The Great Misunderstanding
In “Das große Missverstehen,” AICGS President Dr. Jackson Janes details the disconnect in American and German perspectives on the ongoing scandal over U.S. and European surveillance practices, especially the U.S. National Security Agency programs leaked by former employee Edward Snowden. Published on the second page of the Süddeutsche Zeitung on November 13, 2013, this article is originally in German; the English translation is below.
The outrage in Berlin following reports of Chancellor Angela Merkel’s cell phone being tapped by U.S. intelligence sources is not going to go away quickly. But there are many Americans who don’t understand it and much of that has to do with the differences between Germans and Americans when it comes to the relationship between privacy, the role of the government, and security concerns.
The muted response by the White House―an assurance that the chancellor’s phone is not and will not be tapped―may not soothe German nerves soon. But there is also a corresponding backlash in Washington. During recent Congressional hearings on the NSA surveillance policies, some politicians expressed their own kind of outrage against the outrage in Europe, arguing that the NSA was operating within the law to protect the U.S. and indeed even those in Europe protesting the surveillance. In many ways, this transatlantic communication clash has been an accident waiting to happen.
The political explosions in Berlin and throughout other capitals―Paris, Rome, Madrid―have met with a mixture of surprise, some sympathy, and, in the U.S., impatience as well.
While many Americans are currently questioning the degree of surveillance aimed at them by U.S. intelligence services, they are more inclined to accept it as a fact of life. The approach to these matters is not a question of whether the government snoops but how much is appropriate and with how much oversight it needs. The debates over the alleged sharing of information by Google, Yahoo, and Facebook with the government is less about whether it happens and more about what limits are to be placed on it, who has oversight responsibility, and where accountability is found.
The outrage in Europe about U.S. surveillance practices is viewed by some Americans as a mix of naïveté, hypocrisy, and moralistic posturing. The fact that European intelligence groups also engage in surveillance―sometimes in cooperation with the Americans―pops up in these criticisms.
Clearly some Americans are more sympathetic, given concerns about their own government intruding on their privacy. That includes some members of the Congress, even those who have been advocates of the expanded intelligence efforts in the past.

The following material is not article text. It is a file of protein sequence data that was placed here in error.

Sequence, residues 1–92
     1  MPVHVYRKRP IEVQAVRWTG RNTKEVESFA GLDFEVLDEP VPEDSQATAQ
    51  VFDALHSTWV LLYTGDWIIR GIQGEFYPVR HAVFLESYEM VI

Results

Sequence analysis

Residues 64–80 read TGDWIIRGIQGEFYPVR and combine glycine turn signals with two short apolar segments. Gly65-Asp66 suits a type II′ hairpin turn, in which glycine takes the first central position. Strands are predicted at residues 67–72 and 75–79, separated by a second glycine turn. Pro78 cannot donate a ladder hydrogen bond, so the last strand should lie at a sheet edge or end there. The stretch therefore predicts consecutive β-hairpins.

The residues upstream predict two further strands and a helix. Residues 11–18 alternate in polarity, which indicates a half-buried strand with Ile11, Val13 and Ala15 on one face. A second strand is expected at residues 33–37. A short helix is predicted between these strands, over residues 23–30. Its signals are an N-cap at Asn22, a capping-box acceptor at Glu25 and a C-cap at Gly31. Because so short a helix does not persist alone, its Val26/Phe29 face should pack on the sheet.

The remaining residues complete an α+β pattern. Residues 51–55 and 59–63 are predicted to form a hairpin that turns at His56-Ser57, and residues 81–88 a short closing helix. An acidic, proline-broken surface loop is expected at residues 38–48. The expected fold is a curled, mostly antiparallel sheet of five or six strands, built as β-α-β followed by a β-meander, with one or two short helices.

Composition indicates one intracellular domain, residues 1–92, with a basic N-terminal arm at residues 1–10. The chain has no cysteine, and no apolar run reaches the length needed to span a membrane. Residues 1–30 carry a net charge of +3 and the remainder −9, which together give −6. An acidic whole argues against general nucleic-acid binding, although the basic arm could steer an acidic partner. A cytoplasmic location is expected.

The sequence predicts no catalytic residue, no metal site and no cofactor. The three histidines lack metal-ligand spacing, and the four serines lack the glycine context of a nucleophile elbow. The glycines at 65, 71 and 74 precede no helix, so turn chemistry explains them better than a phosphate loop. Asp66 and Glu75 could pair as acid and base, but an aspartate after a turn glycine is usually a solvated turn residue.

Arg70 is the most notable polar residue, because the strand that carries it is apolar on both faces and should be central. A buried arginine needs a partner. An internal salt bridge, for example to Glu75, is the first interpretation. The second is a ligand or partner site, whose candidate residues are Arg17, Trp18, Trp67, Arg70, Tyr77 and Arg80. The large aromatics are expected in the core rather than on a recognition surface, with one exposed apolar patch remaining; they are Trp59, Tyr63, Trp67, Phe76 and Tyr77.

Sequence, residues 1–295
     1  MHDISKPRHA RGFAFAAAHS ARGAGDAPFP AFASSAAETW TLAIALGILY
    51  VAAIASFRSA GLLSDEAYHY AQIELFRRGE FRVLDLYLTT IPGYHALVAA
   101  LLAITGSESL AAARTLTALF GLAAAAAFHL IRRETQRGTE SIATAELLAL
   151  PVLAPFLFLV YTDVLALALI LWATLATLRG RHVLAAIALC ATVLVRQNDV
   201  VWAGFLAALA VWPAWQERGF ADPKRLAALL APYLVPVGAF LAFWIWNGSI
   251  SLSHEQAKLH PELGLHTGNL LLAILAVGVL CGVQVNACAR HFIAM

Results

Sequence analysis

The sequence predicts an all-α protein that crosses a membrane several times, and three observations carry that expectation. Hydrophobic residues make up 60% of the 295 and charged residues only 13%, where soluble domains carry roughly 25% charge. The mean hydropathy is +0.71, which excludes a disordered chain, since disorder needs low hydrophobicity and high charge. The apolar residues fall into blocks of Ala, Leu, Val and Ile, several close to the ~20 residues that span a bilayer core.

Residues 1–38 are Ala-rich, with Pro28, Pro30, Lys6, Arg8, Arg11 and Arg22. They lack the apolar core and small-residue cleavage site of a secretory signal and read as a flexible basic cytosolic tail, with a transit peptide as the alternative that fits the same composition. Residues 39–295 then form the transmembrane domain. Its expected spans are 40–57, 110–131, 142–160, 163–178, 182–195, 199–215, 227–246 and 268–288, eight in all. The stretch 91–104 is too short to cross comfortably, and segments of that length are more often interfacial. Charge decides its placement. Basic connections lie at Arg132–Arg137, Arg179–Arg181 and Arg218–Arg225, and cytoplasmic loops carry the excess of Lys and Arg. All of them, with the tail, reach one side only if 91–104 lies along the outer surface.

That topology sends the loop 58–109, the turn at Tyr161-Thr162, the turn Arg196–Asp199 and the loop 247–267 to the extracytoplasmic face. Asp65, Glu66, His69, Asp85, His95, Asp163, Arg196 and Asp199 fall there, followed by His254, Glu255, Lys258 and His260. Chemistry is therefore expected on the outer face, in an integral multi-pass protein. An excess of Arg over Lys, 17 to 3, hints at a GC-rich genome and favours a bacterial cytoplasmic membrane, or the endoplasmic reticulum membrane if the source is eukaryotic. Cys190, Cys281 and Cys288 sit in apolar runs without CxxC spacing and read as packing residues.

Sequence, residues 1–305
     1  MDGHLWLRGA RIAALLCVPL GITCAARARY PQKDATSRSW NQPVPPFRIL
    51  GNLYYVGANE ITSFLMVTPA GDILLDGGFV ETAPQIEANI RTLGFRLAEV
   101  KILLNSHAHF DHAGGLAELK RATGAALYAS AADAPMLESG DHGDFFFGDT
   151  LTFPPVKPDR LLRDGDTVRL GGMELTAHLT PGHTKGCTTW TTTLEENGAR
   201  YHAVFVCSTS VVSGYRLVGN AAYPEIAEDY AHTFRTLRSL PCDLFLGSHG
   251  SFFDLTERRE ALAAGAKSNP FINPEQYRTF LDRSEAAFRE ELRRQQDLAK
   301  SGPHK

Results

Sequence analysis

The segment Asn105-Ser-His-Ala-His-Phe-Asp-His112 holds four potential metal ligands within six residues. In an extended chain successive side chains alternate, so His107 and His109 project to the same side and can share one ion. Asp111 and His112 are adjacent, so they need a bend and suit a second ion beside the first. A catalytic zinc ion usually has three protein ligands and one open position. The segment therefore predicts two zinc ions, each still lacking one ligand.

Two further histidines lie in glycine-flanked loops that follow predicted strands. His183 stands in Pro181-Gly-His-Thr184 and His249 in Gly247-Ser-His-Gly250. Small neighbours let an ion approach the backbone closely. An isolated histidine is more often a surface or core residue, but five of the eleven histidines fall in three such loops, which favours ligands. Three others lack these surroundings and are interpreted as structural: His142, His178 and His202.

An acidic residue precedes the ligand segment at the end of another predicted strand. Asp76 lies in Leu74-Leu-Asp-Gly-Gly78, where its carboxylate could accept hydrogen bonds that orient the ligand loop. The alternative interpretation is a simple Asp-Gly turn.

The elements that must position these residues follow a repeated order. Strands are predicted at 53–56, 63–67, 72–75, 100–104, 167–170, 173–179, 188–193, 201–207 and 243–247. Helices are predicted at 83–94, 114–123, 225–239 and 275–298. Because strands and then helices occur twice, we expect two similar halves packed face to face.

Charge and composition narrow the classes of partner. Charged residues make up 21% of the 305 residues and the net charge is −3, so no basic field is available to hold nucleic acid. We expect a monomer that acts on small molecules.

And then there are those who resent the accusations that U.S. surveillance policies are malevolent, citing them as useful tools for security against global terrorist threats. The fact that Edward Snowden is considered a hero worthy of asylum in certain German circles is portrayed as hypocritical, particularly in light of the long postwar relationship the U.S. had with a divided Germany, apart from the fact that Snowden is accused of breaking federal laws.
The initial angry reaction in Europe has received substantial coverage in the national U.S. media but these various responses in the U.S. reflect different parameters of the U.S. domestic debate.
Following the old axiom that “all politics is local,” most people are concerned primarily by those things which impact their own lives. Average Americans don’t work themselves into a frenzy about government intelligence activities largely because they don’t always see how they are directly impacted. In the wake of 9/11, they assume that some sort of surveillance is always going to be present in the name of national security. There is an ongoing debate about how much is watched and who watches the watchers. The Snowden leaks have certainly heightened that argument. But the worry in American circles focuses primarily on surveillance of Americans―leaving foreigners out of that concern.
That Germans are hyper sensitive to such practices might be appreciated in light of their history. But the accusation that there is equivalence of American surveillance with the old East German state domestic spies or even the Nazi period is seen as exaggerated and indeed insulting.
Yet the fact is that both sides of the Atlantic are guilty of some levels of hypocrisy in this debate about surveillance.
In this explosive digital age environment, we don’t have a firm grip on our national instruments in intelligence gathering, or on our ability and readiness to share resources across national borders, or how to deal with the vast network of the cyber world.
The intelligence machinery created to protect the United States over the past decade has been exponentially expanded both in financial and personnel terms. And, perhaps, the United States possesses the tools to quickly close this gap. In government circles, the American capacity in intelligence gathering is truly global, as it is in the corporate sector―even though all countries have their own surveillance versions. The reach of the U.S. capacity is justified in a framework as a needed resource to protect the country and its interests around the world. That includes the potential advantages it can offer to its allies.
Yet the recent reaction in Germany to the surveillance revelations illustrates that this justification is not trusted. If the U.S. argument is that global surveillance is a global necessity, it also needs to recognize that it is a global problem which needs a global solution in which everyone has a stake. For both Germans and Americans, that means it is not only about you. It is about the challenges of the digital age in which power is about both connection and protection.